The fast growth of the larger cities and the awesome pace of transactions and individual relationships worldwide – typical of contemporaneity – have led to the rise in importance of time optimization. Leisure time has come to be widely valued and generates new expectations due to its scarcity. Thus, a search for unique and significant experiences – justified self-indulgently by the “I deserve it” excuse – has become widely supported and turned into a convergence point between the desires of consumers and the goals of the companies.

As such, we have seen an approximation of advertising and entertainment.

The word entertainment, of a Latin root, comes from inter (between) and tenere (to have). In English, the word entertainment has evolved to mean “something that amuses with distraction and recreation” and “a public spectacle or showing that intends to arouse interest and to amuse”.

(TRIGO, 2003, p.32 - Our translation).

As the meaning of the word makes clear, entertainment is an activity generally performed in the intervals of daily duties. Therefore, it is connected to moments of distraction and recreation, creating a sensation of fun and leisure for those who can enjoy it. Trigo (2003, p.150) also states that it is “something new that emerges in new social formations and has to do with the increasing value of pleasure, hedonism, idleness, and time as something ever more significant to people.”

In such a scenario, characterized by the interweaving of advertising and leisure, Branded Content presents itself as a promising alternative to promote a closer relationship between companies and their public. An interactive game created for digital social media, a concert designed for a specific group of people, a trip with an exotic destination, or short videos directed by well-known cinema directors, or any kind of initiative that aims to entertain the public and make them participate can all be turned into engagement strategies – both emotional and interactive –, especially in a digital environment.

The very act of propagating information to promote awareness or a change in consumer behavior is reinforced by entertainment tools. Advertising, Covaleski (2010, p.20) notes on its hybridization process, “paradoxically gets stronger the less it looks like itself – the less it utilizes traditional elements of advertising discourse.” Today, it “increasingly appears inserted into, and hidden as, entertainment; dressed as amusement, but not stripped of its persuasive function, even if concealed” (COVALESKI, 2010, p.20).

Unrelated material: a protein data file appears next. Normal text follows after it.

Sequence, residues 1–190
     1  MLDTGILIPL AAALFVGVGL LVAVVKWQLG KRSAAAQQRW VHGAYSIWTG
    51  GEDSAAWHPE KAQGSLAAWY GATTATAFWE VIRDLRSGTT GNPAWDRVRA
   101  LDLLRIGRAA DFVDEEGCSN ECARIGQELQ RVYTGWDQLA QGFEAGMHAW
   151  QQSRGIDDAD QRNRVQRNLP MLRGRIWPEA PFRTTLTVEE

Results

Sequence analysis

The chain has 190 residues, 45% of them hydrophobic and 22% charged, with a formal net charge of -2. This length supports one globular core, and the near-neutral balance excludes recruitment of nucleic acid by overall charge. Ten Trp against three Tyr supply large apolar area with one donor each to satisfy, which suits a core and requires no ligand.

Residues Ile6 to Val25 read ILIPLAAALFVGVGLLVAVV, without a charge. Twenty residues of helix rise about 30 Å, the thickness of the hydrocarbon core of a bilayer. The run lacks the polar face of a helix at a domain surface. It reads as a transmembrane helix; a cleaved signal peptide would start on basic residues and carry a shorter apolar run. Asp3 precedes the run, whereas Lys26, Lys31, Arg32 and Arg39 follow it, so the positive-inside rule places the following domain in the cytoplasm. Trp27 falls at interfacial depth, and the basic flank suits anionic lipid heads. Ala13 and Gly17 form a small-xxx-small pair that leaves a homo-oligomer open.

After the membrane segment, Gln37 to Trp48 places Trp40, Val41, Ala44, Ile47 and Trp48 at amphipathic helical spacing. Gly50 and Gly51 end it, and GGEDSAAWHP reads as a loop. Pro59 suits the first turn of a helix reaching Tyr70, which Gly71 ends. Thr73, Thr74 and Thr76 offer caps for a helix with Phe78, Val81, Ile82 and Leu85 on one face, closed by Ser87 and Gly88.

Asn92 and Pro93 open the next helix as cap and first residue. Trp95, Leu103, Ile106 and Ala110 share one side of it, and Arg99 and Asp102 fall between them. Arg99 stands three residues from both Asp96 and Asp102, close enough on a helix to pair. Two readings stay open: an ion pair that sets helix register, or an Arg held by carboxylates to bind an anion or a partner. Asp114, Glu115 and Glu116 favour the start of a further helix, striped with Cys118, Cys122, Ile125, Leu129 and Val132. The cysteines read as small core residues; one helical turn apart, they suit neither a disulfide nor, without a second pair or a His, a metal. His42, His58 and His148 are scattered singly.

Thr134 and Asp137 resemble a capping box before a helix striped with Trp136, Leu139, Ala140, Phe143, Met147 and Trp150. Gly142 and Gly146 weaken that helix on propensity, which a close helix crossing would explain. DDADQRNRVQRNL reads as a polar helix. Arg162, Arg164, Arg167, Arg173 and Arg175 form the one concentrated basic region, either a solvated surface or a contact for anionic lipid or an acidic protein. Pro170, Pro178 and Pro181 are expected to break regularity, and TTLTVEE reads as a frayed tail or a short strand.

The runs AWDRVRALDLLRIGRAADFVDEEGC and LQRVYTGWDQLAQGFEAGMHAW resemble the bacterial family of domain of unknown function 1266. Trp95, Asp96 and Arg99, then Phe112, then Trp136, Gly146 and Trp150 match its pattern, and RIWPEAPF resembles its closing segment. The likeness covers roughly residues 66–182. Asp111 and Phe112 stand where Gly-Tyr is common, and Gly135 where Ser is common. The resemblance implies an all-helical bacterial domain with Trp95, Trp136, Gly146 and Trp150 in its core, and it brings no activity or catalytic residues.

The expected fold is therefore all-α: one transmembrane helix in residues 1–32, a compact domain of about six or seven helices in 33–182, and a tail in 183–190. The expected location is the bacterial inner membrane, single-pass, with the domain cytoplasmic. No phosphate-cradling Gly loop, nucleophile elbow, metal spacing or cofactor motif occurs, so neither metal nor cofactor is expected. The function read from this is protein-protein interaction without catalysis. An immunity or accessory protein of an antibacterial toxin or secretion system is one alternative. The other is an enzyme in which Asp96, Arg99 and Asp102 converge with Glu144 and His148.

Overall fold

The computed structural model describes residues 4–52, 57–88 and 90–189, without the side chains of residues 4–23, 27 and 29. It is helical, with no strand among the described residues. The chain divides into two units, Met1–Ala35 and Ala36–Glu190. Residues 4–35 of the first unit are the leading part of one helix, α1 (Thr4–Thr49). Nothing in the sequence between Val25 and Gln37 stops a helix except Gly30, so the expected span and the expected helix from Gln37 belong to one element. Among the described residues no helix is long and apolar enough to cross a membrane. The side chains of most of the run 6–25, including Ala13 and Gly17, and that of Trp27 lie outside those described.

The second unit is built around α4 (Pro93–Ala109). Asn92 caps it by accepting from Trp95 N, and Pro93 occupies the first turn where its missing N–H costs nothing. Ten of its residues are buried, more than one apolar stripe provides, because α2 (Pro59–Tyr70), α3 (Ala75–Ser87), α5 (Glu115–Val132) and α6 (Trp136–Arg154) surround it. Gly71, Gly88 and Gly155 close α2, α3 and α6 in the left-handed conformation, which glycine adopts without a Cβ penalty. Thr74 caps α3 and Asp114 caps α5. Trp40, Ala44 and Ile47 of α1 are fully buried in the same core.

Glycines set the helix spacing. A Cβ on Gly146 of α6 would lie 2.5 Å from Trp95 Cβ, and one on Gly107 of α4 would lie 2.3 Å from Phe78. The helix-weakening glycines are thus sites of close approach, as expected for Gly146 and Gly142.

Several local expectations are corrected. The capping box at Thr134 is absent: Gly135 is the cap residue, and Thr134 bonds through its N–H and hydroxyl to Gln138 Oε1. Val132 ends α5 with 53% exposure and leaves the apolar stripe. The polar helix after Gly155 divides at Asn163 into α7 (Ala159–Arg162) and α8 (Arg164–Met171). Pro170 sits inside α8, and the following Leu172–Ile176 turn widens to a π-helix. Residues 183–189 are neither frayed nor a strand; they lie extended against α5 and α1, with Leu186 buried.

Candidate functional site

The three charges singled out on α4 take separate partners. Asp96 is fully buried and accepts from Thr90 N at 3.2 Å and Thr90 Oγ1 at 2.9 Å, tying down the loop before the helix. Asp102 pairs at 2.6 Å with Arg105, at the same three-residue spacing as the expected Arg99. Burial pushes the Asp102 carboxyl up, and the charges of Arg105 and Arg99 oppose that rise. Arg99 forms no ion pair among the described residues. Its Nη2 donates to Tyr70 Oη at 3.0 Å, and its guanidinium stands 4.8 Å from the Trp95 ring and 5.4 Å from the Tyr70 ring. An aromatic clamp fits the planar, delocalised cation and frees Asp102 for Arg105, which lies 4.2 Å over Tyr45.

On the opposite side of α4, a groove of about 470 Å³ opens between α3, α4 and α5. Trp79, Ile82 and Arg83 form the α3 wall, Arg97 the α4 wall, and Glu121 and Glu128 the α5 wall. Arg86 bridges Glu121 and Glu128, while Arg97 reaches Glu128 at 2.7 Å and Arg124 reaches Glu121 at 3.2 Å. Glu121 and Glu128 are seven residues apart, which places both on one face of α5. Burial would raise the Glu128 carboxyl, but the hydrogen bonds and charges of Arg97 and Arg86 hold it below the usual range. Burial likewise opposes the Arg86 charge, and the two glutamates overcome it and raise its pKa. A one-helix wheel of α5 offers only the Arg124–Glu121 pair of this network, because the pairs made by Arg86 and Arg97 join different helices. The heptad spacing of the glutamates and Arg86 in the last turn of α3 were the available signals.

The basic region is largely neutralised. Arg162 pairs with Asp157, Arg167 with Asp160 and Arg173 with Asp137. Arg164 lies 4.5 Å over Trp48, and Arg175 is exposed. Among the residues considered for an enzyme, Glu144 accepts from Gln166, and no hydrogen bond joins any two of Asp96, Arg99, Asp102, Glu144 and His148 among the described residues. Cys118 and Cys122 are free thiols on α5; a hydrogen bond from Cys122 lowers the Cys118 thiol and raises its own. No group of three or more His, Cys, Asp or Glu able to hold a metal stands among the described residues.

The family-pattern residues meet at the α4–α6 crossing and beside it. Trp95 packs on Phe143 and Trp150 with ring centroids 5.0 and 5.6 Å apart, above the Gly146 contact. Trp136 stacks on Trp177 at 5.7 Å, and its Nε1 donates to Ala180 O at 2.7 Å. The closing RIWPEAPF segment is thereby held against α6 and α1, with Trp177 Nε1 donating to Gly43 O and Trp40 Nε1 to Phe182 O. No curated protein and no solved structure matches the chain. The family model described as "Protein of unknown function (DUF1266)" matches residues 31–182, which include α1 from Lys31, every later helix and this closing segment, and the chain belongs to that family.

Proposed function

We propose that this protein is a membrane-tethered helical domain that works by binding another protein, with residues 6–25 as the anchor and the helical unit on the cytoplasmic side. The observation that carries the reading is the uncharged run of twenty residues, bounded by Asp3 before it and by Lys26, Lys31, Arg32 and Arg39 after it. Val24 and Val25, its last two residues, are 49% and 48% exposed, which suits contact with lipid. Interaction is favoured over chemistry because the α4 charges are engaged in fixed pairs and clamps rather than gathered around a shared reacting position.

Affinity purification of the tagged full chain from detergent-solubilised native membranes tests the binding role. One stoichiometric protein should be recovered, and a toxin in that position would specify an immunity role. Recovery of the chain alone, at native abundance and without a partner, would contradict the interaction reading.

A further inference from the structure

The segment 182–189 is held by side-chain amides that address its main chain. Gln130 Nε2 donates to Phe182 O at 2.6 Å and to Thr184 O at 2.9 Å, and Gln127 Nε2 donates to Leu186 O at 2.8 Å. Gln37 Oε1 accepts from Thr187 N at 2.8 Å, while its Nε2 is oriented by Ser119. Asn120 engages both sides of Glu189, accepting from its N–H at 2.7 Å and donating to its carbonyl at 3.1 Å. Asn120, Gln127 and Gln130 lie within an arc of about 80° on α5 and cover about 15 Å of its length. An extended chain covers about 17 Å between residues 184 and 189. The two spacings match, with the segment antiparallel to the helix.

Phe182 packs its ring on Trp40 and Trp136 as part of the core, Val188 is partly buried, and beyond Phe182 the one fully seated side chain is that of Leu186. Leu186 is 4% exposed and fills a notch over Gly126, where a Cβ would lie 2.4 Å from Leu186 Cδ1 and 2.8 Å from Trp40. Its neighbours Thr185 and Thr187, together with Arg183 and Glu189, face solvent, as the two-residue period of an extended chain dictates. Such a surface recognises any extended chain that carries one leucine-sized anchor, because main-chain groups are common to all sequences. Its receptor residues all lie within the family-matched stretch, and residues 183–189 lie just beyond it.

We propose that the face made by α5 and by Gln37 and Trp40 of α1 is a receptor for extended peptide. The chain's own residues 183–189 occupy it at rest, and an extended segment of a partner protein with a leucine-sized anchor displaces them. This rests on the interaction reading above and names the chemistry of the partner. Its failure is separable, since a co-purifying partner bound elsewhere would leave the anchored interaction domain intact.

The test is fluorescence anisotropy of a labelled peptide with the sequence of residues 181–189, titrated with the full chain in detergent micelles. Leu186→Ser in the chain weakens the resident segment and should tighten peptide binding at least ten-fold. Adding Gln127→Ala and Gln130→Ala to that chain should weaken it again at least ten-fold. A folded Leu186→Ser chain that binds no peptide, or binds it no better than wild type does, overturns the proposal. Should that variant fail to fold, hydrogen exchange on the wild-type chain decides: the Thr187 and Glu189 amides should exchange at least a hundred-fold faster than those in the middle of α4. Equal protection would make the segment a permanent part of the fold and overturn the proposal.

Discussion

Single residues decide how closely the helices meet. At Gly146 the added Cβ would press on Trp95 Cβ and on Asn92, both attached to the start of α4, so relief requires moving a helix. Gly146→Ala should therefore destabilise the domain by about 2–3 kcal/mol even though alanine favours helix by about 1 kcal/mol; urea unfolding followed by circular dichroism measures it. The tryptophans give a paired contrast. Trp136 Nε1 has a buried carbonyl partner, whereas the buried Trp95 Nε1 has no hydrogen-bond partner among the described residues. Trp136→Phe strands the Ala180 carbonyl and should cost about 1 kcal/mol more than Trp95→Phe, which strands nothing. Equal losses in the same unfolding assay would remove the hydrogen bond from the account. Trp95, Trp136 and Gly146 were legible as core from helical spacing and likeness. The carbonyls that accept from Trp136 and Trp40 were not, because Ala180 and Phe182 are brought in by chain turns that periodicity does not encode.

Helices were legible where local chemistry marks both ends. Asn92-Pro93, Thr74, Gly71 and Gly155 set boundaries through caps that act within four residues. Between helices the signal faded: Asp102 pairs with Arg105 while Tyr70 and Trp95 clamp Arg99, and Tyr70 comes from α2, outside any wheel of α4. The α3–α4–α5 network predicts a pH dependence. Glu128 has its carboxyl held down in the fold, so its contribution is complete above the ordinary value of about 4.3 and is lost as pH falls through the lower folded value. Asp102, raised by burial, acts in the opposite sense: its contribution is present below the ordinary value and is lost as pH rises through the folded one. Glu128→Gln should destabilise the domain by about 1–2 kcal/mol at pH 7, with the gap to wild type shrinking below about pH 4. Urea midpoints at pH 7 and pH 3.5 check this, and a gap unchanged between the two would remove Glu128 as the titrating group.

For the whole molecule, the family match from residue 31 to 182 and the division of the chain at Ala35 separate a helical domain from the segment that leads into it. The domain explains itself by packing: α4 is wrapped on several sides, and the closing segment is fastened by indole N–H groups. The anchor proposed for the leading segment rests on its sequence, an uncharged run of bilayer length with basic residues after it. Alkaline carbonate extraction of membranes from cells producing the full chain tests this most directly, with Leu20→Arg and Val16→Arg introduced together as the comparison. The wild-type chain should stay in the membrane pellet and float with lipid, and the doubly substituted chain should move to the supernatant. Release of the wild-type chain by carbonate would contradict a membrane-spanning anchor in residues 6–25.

Such communication tends to be warmly received by the consumer, since they are predisposed to accept something of their interest (DONATON, 2007; SIQUEIRA, 2013). The barriers erected by traditional advertising – which, historically, presented itself as a break from entertainment – are, thus, brought down or, at least, reduced, because advertising itself supplies entertainment. We should highlight, however, that this warm reception by the audience depends on the logic of pull content3 – which means that, not only should the content be able to fulfill the consumer’s entertainment expectations, but it should also be the result of an individual search performed by them.

There has been an increase in the supply of interaction and entertainment options with the rise of the internet and mobile devices. By employing the new narrative and sensory tools provided by the new means of communication, advertising has transformed its appeal: rather than an intrusion, it started to be an invitation. Whereas it was previously seen as a hurdle or a “lesser evil” audiences had to deal with to read a story on a news portal or watch a TV show, it is now a point of interest and engagement. Innovative and segmented formats, in their majority, arouse the curiosity and the willingness to share content in a digital environment.

Even knowing the new offerings of the brands can, at first, turn the audience into some sort of authority if they are more informed than the general public, highlighting what Berger (2014) has called social currency. We can quickly jump from this point to mass sharing. One proof of that are the viral campaigns that do not promote, immediately, technical qualities or attributes of the product in question, but rather present something fun, ludic, affective, and, thus, attractive. In other words: content worth sharing.